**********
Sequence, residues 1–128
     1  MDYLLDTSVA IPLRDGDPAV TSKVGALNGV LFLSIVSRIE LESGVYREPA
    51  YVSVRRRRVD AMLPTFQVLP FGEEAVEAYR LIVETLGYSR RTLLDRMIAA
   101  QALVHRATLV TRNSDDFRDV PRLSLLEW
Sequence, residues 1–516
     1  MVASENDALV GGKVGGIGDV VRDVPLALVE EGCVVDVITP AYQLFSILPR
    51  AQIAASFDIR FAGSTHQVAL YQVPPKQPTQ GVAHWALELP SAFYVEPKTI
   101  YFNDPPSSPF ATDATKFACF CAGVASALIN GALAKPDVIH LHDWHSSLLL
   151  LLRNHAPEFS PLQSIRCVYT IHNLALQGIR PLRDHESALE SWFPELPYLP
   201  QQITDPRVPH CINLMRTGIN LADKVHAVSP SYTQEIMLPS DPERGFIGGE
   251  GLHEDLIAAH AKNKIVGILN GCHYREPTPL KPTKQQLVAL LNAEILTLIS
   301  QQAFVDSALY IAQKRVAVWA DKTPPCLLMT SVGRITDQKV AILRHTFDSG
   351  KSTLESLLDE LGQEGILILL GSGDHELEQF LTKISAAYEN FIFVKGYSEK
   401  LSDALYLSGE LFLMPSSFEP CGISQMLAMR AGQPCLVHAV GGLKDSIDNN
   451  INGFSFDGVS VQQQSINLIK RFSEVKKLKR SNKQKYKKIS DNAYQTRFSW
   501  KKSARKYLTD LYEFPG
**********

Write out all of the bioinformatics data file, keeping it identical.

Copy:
Sequence, residues 1–128
     1  MDYLLDTSVA IPLRDGDPAV TSKVGALNGV LFLSIVSRIE LESGVYREPA
    51  YVSVRRRRVD AMLPTFQVLP FGEEAVEAYR LIVETLGYSR RTLLDRMIAA
   101  QALVHRATLV TRNSDDFRDV PRLSLLEW
Sequence, residues 1–516
     1  MVASENDALV GGKVGGIGDV VRDVPLALVE EGCVVDVITP AYQLFSILPR
    51  AQIAASFDIR FAGSTHQVAL YQVPPKQPTQ GVAHWALELP SAFYVEPKTI
   101  YFNDPPSSPF ATDATKFACF CAGVASALIN GALAKPDVIH LHDWHSSLLL
   151  LLRNHAPEFS PLQSIRCVYT IHNLALQGIR PLRDHESALE SWFPELPYLP
   201  QQITDPRVPH CINLMRTGIN LADKVHAVSP SYTQEIMLPS DPERGFIGGE
   251  GLHEDLIAAH AKNKIVGILN GCHYREPTPL KPTKQQLVAL LNAEILTLIS
   301  QQAFVDSALY IAQKRVAVWA DKTPPCLLMT SVGRITDQKV AILRHTFDSG
   351  KSTLESLLDE LGQEGILILL GSGDHELEQF LTKISAAYEN FIFVKGYSEK
   401  LSDALYLSGE LFLMPSSFEP CGISQMLAMR AGQPCLVHAV GGLKDSIDNN
   451  INGFSFDGVS VQQQSINLIK RFSEVKKLKR SNKQKYKKIS DNAYQTRFSW
   501  KKSARKYLTD LYEFPG